For most people, the first step in estate planning is to create a legally enforceable will. If you already have a will in place, consider yourself ahead of the game, but you’re far from finished. If, for example, your circumstances have recently changed, your will may be in need of a “quick fix.”
A supplement to an existing will
If you need to make a change to your will does that mean you have to completely re-write it? Not exactly. A simple “codicil” may suffice for a minor change. A codicil is a legal document that’s treated as a supplement to an existing will. When your will is subjected to probate, so is the codicil.
Bear in mind that codicils were more prevalent in “days of yore” before personal computers. It was more time-consuming and costly than it is today to replace a will. With a codicil, you only had to address one or two points — not the entire last will and testament. This is no longer a significant factor.
Furthermore, adding a codicil could create confusion relating to other parts of the will. And it’s often more convenient for everyone in the family to rely on a single document. As a result, you may redo a will instead of adding a codicil. Nevertheless, using a codicil remains the preferred approach for some people, especially for relatively small changes.
To be legally binding, a codicil must be handled with the same legal formalities as a will. Therefore, it’s best to have it prepared by a qualified attorney.
Reasons for updating your will
What situations may trigger a need for an update of a will through a codicil or re-write? Common examples include a:
- Birth or death in the family. Maybe you didn’t have any children or grandchildren when your will was initially drafted. Now that you do, you may want the newest members of the family to share in your estate. Or perhaps a family member you previously named in your will has passed away. You’ll want to remove his or her name from your list of beneficiaries and possibly include other family members who weren’t previously named in your will.
- Change in executor. In some cases, you may have to select a new executor (or guardian or trustee). This may occur if the one you named in your will has died or become incapacitated and you haven’t made adequate contingency plans. In other instances, you may simply rather assign the job to someone else.
- Revalidation. Suppose the witnesses who can verify the signature on your will are no longer alive or can’t be located. When it’s required, a codicil attested to by new witnesses can revalidate the will.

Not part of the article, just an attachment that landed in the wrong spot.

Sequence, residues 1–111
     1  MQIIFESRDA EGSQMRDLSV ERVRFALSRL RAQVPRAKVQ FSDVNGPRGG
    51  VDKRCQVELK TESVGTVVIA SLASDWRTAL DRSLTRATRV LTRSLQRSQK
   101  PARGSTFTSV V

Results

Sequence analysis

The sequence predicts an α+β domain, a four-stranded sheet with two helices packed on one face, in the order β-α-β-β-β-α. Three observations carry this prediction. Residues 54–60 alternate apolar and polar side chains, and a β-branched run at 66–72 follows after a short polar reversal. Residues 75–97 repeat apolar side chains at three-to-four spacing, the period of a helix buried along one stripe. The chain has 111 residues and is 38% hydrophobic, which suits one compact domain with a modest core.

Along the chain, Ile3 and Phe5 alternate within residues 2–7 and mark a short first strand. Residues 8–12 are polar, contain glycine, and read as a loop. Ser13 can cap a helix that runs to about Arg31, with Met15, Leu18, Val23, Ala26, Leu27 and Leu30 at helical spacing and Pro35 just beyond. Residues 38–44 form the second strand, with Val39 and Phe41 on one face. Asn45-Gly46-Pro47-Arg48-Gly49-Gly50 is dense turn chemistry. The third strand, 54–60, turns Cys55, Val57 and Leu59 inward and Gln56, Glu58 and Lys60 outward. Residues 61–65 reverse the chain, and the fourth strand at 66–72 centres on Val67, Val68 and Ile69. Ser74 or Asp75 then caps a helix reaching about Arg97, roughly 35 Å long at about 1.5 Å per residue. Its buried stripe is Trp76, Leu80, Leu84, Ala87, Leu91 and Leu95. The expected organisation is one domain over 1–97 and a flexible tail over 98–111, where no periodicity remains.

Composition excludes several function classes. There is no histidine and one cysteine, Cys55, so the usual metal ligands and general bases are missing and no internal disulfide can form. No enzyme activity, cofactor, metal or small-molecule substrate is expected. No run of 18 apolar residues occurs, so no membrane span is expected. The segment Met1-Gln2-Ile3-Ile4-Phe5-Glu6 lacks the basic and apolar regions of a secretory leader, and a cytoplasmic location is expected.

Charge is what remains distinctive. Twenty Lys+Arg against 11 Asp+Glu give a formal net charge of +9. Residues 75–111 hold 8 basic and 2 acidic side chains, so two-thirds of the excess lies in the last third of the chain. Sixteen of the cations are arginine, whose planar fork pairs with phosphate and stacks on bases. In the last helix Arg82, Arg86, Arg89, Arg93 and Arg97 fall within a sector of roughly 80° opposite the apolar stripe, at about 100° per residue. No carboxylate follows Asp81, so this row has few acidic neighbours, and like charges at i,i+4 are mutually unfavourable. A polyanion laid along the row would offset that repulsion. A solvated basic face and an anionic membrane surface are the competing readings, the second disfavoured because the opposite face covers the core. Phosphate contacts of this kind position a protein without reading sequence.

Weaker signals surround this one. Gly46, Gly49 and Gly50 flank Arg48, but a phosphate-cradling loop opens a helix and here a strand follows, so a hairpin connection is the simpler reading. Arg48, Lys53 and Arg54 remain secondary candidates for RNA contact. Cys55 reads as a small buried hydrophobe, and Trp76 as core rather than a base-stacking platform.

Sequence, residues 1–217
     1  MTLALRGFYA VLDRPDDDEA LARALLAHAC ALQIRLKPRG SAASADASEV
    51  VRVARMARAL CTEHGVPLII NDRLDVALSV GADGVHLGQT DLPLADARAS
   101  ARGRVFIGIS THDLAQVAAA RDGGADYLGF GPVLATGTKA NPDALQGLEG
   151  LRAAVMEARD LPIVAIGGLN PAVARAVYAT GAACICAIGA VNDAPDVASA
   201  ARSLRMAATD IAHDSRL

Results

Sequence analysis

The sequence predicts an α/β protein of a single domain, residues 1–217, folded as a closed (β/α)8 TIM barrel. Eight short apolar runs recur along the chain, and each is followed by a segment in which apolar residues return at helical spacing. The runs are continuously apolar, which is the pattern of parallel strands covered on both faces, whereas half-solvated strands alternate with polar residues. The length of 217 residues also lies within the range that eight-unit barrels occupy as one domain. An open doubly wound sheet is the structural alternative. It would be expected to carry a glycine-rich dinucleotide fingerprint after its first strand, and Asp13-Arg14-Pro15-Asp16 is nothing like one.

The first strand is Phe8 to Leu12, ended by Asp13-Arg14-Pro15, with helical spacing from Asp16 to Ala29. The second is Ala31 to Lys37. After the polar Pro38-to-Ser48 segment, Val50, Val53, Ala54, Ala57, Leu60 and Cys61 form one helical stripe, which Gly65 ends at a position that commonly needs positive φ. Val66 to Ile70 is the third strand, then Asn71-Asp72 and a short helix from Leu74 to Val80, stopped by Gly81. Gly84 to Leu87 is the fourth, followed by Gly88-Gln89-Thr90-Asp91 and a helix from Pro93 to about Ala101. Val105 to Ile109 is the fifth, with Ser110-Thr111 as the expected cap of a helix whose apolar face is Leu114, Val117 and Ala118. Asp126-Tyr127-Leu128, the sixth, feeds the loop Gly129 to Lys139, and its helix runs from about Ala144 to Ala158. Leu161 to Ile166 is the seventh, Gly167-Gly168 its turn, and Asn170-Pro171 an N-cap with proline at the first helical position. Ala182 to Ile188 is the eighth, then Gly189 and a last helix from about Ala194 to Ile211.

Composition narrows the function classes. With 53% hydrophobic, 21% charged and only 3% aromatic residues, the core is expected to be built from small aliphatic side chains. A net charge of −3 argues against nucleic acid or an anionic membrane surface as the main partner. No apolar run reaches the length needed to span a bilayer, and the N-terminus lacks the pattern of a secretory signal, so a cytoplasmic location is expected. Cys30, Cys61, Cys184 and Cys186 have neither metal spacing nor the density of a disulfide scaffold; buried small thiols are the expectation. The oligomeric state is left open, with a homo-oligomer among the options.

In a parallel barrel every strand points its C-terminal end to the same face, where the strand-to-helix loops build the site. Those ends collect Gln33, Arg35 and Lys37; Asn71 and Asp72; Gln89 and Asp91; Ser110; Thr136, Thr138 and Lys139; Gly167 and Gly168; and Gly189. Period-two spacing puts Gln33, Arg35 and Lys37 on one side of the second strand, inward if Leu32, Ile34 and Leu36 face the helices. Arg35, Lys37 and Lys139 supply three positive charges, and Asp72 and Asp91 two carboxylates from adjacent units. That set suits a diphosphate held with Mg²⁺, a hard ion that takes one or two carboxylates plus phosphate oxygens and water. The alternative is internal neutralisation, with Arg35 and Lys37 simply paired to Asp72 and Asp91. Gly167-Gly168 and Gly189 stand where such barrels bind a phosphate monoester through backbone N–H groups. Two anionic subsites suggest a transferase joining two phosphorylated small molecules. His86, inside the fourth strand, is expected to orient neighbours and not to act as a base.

- Tax law change. A new or revised tax law may require you to modify certain provisions to take maximum advantage of the latest rules. In addition, there’s significant uncertainty concerning the federal gift and estate tax exemption ($12.06 million in 2022), which is scheduled to revert to its pre-2018 level of $5 million (plus inflation indexing) after 2025.
Other estate tax law changes are being contemplated by some members of Congress. When possible, revise your will to provide maximum flexibility.
What to include in a codicil
For starters, a codicil must have identifying information, including your full legal name, address, the date of the codicil, and a statement indicating that you’re of sound mind and not being coerced by someone else. Explain what parts of the will are affected. Use full legal names when referring to beneficiaries, specify dollar amounts or percentages, and describe any property in detail.
To be legally binding, a codicil must be handled with the same legal formalities as a will.
Furthermore, the codicil should state that its provisions supersede what you’ve written in your will and that all parts of the will not affected by the codicil remain in effect. Sign the codicil and have it witnessed according to state law. Finally, keep it in a secure location along with your will.
Get it done
Life happens and a lot can change in the years since you’ve first drafted your will. Your estate planning attorney can help draft your codicil. •